Gardner agrees with the conclusion that there is a contrived plan, and notes that nowhere in the gospels does it reveal who gave the vinegar, but John “specifies that the vessel was ready and waiting” (“A jar full of sour wine was standing there”) (p73). Schonfield talks about a “drug needed to give the impression of premature death… and the speedy delivery of the body to Joseph…” (p190).
The Gospel of John goes on to say that, after Jesus’s body has been handed over to Joseph of Arimathea, Nicodemus – a pharisee from earlier – arrived, bringing with him “a mixture of myrrh and aloes, weighing about an hundred pounds”(ref). Gardner notes that myrrh was a form of sedative (why would that be needed for a dead person?), and wonders why there was such a vast quantity of aloes. “The juice of aloes… is a strong and fast-acting purgative – precisely what would have been needed by Simon to expel the poisonous gall (venom) from Jesus’s body” (p76). (If that is true, then there is a very strange variation in Mark, where Jesus is first offered “wine mixed with myrrh, but he did not take it”, but when on the cross drank the sour wine, as above.)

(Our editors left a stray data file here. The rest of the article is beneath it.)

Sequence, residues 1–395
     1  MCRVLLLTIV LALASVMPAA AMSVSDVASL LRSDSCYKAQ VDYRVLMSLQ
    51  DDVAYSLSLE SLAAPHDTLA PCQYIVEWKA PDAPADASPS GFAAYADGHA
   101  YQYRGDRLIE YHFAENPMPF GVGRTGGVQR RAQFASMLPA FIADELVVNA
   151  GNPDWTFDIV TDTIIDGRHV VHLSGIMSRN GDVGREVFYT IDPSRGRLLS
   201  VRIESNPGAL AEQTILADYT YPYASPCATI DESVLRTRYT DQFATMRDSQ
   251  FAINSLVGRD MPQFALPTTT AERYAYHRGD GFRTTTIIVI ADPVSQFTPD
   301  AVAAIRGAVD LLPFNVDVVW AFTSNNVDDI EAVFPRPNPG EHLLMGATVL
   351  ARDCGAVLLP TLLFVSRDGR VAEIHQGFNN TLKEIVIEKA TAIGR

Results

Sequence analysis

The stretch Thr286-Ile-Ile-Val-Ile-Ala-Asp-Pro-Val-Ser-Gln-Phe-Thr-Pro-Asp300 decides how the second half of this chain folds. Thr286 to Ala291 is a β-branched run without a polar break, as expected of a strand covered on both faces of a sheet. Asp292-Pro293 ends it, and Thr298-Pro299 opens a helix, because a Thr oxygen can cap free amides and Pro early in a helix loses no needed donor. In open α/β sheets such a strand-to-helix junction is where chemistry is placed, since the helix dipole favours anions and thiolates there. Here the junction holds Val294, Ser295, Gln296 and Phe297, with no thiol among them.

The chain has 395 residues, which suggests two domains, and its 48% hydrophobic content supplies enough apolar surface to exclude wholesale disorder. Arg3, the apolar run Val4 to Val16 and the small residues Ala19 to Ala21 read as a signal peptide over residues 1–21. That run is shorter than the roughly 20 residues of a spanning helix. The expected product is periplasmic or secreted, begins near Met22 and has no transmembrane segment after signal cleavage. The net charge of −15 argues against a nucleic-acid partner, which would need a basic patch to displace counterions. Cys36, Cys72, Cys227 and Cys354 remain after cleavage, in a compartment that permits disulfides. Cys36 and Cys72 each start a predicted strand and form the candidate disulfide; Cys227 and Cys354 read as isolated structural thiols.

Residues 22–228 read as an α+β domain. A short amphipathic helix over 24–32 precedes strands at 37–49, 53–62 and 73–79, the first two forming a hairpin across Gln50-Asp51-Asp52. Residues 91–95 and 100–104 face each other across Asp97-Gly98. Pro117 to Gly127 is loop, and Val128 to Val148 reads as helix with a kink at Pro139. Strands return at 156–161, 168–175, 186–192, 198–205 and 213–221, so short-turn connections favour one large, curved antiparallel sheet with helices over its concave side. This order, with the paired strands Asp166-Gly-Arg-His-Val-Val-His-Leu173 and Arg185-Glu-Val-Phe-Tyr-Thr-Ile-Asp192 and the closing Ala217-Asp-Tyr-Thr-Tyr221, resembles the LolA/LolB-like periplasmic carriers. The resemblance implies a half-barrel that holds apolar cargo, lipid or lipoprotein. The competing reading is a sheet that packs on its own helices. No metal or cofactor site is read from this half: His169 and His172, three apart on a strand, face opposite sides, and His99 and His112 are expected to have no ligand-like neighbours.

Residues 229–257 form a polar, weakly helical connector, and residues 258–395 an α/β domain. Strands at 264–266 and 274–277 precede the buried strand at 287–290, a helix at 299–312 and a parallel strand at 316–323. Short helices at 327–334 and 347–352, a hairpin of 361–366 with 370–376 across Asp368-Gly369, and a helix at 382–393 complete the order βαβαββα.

That is the basic evidence for this point of view. (If any reader has credible medical, scientific, or historical information which contradicts any of the above, I would be grateful to receive it.) This all seems very reasonable; there seems to be “a complex and ingenious stratagem… to produce a semblance of death when… still alive” (BLL, p374). When the authors try to go further in support of this hypothesis, they seem not to be on such sure ground, and may jump too quickly to conclusions to support their hypothesis.